An open letter from faculty leaders at the University of Rochester is critical of how the university is handling policies dealing with sexual harassment.
The critique comes from the Faculty Senate Executive Committee, and it was published this week in the campus newspaper, the Campus Times.
The letter stems from the complaint filed this year with the Equal Employment Opportunity Commission in connection with allegations against a professor in the Brain and Cognitive Sciences department and related issues.
The Faculty Senate leaders say that since that complaint was disclosed in September, the Senate has acted in a spirit of collaboration to advocate for needed changes in the university’s policies and procedures.
But the letter also says that victims of harassment and sexual misconduct at UR still feel vulnerable, and the university has not yet revised its policies. Among the policy changes the Faculty Senate has urged:
-increasing protections for victims alleging Harassment or sexual misconduct.
-documenting complains and actions.
-identifying patterns of repeated harassing behavior or sexual misconduct.
The letter says inaction by the administration has damaged the university’s climate and reputation, and going forward, the faculty say policies to address harassment and sexual misconduct should include broad-based oversight from faculty, staff and students.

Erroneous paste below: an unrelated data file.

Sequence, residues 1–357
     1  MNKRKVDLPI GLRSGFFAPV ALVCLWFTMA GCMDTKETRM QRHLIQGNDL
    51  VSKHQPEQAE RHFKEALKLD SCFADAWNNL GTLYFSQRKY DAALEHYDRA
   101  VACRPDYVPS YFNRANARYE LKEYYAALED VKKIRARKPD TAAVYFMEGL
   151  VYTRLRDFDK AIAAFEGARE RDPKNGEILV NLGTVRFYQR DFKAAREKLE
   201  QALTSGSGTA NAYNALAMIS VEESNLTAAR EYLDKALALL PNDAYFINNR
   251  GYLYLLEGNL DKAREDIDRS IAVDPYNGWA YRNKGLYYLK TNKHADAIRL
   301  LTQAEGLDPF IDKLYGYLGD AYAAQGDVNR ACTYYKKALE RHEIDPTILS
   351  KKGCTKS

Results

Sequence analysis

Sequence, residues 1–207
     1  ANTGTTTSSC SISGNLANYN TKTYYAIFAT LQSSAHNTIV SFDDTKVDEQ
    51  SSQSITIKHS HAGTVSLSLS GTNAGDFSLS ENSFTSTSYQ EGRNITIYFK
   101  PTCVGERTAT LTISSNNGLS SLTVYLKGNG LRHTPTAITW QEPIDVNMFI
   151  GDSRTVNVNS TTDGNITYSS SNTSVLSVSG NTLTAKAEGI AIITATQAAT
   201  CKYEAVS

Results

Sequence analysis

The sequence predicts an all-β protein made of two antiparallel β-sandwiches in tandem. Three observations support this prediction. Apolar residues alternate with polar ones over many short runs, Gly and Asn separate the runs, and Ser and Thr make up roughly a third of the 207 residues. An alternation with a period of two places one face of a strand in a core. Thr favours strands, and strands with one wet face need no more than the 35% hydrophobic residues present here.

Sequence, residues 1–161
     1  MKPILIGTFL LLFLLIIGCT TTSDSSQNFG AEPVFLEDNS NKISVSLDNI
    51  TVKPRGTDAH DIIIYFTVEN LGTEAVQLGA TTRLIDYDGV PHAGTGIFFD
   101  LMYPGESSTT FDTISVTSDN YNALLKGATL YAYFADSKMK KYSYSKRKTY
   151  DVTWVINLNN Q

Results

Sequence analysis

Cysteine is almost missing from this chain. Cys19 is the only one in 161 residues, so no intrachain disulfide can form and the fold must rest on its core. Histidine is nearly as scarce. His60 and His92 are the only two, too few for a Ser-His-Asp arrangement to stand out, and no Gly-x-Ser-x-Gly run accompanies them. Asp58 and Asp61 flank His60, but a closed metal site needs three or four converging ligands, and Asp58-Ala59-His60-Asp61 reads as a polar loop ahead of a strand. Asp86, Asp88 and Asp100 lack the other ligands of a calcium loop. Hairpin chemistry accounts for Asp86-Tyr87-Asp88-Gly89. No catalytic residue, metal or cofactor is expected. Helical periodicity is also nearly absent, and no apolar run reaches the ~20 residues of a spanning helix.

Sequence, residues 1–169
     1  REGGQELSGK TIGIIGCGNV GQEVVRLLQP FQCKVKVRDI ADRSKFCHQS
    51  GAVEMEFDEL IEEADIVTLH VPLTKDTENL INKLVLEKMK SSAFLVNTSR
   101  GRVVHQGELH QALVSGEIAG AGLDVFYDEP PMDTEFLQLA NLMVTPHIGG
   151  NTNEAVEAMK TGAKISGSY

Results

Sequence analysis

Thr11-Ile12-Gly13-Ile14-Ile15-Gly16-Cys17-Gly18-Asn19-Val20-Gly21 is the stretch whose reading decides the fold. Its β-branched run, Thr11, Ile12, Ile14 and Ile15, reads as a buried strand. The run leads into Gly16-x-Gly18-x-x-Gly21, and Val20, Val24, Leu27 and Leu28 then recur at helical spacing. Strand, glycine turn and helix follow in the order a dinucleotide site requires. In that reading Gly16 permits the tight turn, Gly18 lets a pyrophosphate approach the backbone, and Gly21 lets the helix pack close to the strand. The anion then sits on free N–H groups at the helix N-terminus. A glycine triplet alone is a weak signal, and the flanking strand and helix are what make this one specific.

The university administration released this statement:
"The policies and practices in place at the University of Rochester are regularly benchmarked against those of peer institutions, and we believe they currently provide appropriate protections and support for both complainants and respondents. We look forward to the assessments of the independent investigation and the Commission on Women and Gender Equity and Academia and to working collaboratively with our University stakeholders, including faculty, to ensure that our institution embraces best practices in providing a respectful and safe environment for all."
The results of an outside investigation into the EEOC complaint are due by January 12. And a separate commission on Women and Gender Equity and Academia is also expected to issue recommendations.